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Kaiser picket line in Fresno this week
by Peter Maiden
Thursday Dec 13th, 2018 10:24 PM
Mental health workers in the National Health Workers Union went on strike and picketed Kaiser throughout the week. Fresno was one of the locations that joined in the action.
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Kaiser Permanente, the healthcare giant, was the location for a picket line in Fresno December 10th to 14th by the National Union of Healthcare Workers. Mental health workers in the NUHW, 4,000 statewide, struck to pressure Kaiser to improve staffing and scheduling to meet the needs of patients. Kaiser was fined $4 million by the State of California five years ago, and another million-dollar fine is threatened, because they do not give parity to mental health care. Parity means a mental health patient must be given the same standard of care as a patient with a broken bone or diabetes. There is only one full time mental health clinician for every 3,000 Kaiser members, and wait times for mental health care is a critical issue.

Kaiser brought in a $3.8 billion profit last year. It holds cash reserves of $28 billion.

The strikers, who include therapists, psychologists, social workers and psychiatric nurses, took the week without pay or strike pay. I spoke to three of them on the picket line at Fresno Medical Center on December 10. They gave their names as Terry, Greg and Christine.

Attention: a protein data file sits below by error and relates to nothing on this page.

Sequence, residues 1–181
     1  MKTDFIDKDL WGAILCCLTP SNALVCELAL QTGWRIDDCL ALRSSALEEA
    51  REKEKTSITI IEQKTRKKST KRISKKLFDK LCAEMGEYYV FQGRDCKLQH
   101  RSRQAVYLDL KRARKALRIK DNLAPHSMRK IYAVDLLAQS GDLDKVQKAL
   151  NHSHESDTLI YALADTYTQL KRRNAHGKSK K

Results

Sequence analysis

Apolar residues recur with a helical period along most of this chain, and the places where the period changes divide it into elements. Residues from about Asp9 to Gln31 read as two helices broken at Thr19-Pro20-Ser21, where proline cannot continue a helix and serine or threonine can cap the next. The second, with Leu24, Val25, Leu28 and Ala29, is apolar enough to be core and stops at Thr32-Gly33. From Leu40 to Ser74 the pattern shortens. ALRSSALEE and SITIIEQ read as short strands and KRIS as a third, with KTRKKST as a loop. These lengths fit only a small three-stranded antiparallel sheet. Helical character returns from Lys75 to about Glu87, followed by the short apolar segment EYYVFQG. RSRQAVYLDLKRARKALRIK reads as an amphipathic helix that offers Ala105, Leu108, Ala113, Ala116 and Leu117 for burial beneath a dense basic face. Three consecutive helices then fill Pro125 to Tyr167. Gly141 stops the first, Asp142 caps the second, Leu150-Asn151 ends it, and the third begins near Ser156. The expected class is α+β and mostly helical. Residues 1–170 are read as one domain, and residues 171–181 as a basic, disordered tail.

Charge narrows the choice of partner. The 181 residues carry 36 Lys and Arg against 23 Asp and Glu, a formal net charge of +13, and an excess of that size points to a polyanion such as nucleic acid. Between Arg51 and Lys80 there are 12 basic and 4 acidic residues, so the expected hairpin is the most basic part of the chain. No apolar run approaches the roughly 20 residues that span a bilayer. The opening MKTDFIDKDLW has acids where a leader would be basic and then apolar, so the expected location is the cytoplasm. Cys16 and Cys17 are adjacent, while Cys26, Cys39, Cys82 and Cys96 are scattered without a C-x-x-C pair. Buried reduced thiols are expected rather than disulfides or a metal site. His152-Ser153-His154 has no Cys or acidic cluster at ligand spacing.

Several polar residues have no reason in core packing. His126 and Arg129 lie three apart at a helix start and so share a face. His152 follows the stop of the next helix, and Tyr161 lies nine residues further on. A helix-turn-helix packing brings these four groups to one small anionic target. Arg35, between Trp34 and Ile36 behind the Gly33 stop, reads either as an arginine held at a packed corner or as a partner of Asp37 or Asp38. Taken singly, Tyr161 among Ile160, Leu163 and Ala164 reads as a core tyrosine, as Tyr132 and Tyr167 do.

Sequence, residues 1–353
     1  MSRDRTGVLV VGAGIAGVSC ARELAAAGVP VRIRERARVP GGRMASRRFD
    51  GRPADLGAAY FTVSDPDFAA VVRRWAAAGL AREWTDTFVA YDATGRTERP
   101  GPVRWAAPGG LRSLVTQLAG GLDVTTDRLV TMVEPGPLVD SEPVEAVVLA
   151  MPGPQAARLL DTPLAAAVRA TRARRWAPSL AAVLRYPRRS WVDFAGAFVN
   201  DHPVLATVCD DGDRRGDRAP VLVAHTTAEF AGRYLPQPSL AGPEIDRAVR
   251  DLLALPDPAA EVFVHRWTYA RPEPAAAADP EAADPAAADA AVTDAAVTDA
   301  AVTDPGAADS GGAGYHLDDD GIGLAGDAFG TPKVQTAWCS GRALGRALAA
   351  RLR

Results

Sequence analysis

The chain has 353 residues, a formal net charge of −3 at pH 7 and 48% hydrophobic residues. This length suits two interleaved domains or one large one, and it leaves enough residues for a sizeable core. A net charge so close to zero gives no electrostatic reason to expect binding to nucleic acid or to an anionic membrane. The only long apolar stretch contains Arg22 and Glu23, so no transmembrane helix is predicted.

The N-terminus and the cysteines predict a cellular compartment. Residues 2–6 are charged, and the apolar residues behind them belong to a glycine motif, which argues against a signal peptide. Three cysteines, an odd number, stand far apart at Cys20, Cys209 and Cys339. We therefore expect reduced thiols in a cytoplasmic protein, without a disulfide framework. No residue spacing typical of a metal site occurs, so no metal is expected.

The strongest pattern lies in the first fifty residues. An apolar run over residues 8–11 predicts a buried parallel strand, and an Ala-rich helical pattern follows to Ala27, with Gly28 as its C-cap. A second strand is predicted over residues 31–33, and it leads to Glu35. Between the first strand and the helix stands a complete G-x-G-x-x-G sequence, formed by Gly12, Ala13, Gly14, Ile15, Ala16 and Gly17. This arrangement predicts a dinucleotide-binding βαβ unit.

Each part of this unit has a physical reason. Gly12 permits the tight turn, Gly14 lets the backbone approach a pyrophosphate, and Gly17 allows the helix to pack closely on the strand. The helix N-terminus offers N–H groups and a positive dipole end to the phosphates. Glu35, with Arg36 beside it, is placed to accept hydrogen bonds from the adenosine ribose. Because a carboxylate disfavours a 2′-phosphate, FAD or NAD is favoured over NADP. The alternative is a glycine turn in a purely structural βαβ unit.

Terry said, “The standard of care is [meeting patients] weekly or every other week, so when you are [only able to schedule] a return appointment every four to six weeks, typically out in the community that would be just a ‘Hey, you’re doing great, let’s check back in in four to six weeks …’ But when people are really in desperate need, when they’re in a crisis, and you’re telling them ‘Hey, I don’t have an appointment for you for another four to six weeks,’ that’s not meeting the standard of care.”

Greg added, “This has been going on throughout the time that I’ve worked at Kaiser, at least ten years.”

All three agreed that therapy sessions needed to be once a week or once every two weeks for the patient and therapist to feel a continuity in the care. Otherwise they spend too much time getting acquainted and re-acquainted, and don’t get to dealing with issues.

A Kaiser statement said the strikers are after economic gains first and foremost.

Christine felt differently: “There are some economic issues that we’re fighting for, but none of them are things that Kaiser hasn’t already given to other unions. They’re simple things like cost of living increases; we’re not looking for huge increases in salaries or anything like that. I’m not here for an increased wage. I’m here to provide better care for the people that I serve … At least we’re having a dialogue about what can make things different. I realize that would take a lot of creativity. We believe that Kaiser leadership is capable of creativity, it’s an amazing organization, we wouldn’t work for it if we didn’t have faith in [it]. We´re asking them to join us in a creative solution to this problem that’s affecting people all up and down the region.”
§Some of the strikers picketing
by Peter Maiden Thursday Dec 13th, 2018 10:24 PM
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